Many SAS/ETS procedures now produce graphical output using the SAS Output Delivery System. This output is produced when you turn on ODS graphics with the following ODS statement:

ods graphics on;Several procedures now support the PLOTS= option to control the graphical output produced. (See the chapters for individual SAS/ETS procedures for details on the plots supported.)

With SAS 9.2, SAS/ETS offers three new modules:

- The new ESM procedure provides forecasting using exponential smoothing models with optimized smoothing weights.
- The SASEHAVR interface engine is now production and available to Windows users for accessing economic and financial data residing in a HAVER ANALYTICS Data Link Express (DLX) database.
- The new SIMILARITY (experimental) procedure provides similarity analysis of time series data.

Two new features have been added to the AUTOREG procedure.

An alternative test for stationarity, proposed by Kwiatkowski, Phillips, Schmidt, and Shin (KPSS), is implemented. The null hypothesis for this test is a stationary time series, which is a natural choice for many applications. Bartlett and quadratic spectral kernels for estimating long-run variance can be used. Automatic bandwidth selection is an option.

Corrected Akaike information criterion (AICC) is implemented. This modification of AIC corrects for small-sample bias. Along with the corrected Akaike information criterion, the mean absolute error (MAE) and mean absolute percentage error (MAPE) are now included in the summary statistics.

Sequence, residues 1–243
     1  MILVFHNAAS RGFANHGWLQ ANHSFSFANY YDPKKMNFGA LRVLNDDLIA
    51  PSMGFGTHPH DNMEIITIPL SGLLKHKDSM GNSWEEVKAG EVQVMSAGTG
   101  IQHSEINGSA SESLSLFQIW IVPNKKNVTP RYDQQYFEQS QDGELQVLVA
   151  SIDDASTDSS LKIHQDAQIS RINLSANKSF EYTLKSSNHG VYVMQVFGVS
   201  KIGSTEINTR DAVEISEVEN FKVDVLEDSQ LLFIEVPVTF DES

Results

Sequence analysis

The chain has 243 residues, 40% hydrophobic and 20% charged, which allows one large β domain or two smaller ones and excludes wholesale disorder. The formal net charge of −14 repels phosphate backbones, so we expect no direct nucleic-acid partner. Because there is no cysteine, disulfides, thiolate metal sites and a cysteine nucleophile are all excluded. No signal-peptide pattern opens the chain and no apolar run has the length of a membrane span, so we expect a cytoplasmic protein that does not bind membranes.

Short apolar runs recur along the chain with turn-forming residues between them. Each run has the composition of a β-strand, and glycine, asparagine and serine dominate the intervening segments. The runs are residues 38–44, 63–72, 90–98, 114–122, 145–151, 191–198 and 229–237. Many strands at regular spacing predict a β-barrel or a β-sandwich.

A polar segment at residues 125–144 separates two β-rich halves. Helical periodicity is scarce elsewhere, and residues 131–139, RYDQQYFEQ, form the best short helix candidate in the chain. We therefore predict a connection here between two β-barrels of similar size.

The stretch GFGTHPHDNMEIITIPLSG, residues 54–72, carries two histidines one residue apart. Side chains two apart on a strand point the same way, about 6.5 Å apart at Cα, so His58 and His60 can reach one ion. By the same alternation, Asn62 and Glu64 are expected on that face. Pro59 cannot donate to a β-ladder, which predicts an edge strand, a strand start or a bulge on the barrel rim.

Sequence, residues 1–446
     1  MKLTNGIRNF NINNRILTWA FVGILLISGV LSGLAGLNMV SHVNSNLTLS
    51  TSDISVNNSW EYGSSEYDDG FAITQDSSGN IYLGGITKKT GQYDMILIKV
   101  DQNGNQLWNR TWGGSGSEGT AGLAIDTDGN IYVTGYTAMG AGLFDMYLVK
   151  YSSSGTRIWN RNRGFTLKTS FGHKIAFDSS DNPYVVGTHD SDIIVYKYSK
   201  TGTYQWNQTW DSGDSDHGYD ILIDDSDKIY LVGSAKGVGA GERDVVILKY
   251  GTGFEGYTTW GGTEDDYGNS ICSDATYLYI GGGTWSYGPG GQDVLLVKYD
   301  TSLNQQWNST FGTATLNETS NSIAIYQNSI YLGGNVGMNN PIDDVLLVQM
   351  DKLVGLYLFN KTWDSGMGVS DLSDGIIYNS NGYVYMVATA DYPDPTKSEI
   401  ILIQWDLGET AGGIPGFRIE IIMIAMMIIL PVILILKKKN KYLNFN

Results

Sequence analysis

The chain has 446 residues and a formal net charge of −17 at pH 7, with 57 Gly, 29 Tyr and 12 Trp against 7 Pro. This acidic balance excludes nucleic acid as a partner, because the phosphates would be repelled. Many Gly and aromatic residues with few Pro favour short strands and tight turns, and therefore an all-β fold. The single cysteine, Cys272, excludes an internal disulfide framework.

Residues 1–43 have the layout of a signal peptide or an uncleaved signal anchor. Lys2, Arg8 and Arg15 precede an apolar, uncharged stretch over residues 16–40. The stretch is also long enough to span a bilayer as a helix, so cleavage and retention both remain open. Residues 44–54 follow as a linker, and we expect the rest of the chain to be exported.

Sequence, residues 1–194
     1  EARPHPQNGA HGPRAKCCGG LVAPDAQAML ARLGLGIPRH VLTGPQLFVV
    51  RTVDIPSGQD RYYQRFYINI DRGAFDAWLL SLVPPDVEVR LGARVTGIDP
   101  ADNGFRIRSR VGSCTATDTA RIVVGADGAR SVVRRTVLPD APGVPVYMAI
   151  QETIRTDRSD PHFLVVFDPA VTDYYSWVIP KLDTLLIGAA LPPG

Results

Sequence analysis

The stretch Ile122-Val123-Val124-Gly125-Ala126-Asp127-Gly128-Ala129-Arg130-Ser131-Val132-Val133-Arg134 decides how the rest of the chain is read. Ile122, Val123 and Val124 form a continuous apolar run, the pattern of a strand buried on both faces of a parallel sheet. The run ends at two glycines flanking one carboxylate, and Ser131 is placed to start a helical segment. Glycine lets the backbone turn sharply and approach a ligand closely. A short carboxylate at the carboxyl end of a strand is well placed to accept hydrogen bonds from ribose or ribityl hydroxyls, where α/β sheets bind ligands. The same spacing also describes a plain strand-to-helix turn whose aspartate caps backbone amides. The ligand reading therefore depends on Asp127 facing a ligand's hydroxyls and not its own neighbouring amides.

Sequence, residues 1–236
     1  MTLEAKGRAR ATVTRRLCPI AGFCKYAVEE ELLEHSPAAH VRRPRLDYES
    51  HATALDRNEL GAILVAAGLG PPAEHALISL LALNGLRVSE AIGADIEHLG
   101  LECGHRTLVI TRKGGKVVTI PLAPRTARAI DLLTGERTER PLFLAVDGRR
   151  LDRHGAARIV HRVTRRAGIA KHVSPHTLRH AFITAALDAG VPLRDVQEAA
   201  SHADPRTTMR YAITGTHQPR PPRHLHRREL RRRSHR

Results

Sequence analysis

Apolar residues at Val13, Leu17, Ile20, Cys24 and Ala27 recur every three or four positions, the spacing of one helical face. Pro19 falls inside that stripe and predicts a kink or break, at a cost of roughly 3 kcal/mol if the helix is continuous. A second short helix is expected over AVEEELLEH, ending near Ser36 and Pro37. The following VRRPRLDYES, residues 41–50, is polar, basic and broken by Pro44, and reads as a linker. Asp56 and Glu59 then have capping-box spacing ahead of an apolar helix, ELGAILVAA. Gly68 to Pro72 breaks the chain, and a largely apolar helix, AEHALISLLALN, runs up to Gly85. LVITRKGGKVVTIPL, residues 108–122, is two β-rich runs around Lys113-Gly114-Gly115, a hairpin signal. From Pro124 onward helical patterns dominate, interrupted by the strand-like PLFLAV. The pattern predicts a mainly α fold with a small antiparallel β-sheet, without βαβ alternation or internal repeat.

Often the data that is being analyzed take the form of nonnegative integer (count) values. The new COUNTREG procedure implements count data models that take this discrete nature of data into consideration. The dependent variable in these models is a count that represents various discrete events (such as number of accidents, number of doctor visits, or number of children). The conditional mean of the dependent variable is a function of various covariates. Typically, you are interested in estimating the probability of the number of event occurrences using maximum likelihood estimation. The COUNTREG procedure supports the following types of models:

- Poisson regression
- negative binomial regression with linear (NEGBIN1) and quadratic (NEGBIN2) variance functions (Cameron and Trivedi 1986)
- zero-inflated Poisson (ZIP) model (Lambert 1992)
- zero-inflated negative binomial (ZINB) model

PROC DATASOURCE now supports the newest Compustat Industrial Universal Character Annual and Quarterly data by providing the new filetypes CSAUCY3 for annual data and CSQUCY3 for quarterly data.

The ESM (Exponential Smoothing Models) procedure provides a quick way to generate forecasts for many time series or transactional data in one step. All parameters associated with the forecast model are optimized based on the data.

The t copula and the normal mixture copula have been added to the MODEL procedure. Both copulas support asymmetric parameters. The copula is used to modify the correlation structure of the model residuals for simulation.

Starting with SAS 9.2, the MODEL procedure stores MODEL files in SAS datasets using an XML-like format instead of in SAS catalogs. This makes MODEL files more readily extendable in the future and enables Java-based applications to read the MODEL files directly. More information is stored in the new format MODEL files; this enables some features that are not available when the catalog format is used.

The MODEL procedure continues to read and write old-style catalog MODEL files, and model files created by previous releases of SAS/ETS continue to work, so you should experience no direct impact from this change.

The CMPMODEL= option can be used in an OPTIONS statement to modify the behavior of the MODEL when reading and writing MODEL files. The values allowed are CMPMODEL= BOTH | XML | CATALOG. For example, the following statements restore the previous behavior:

options cmpmodel=catalog;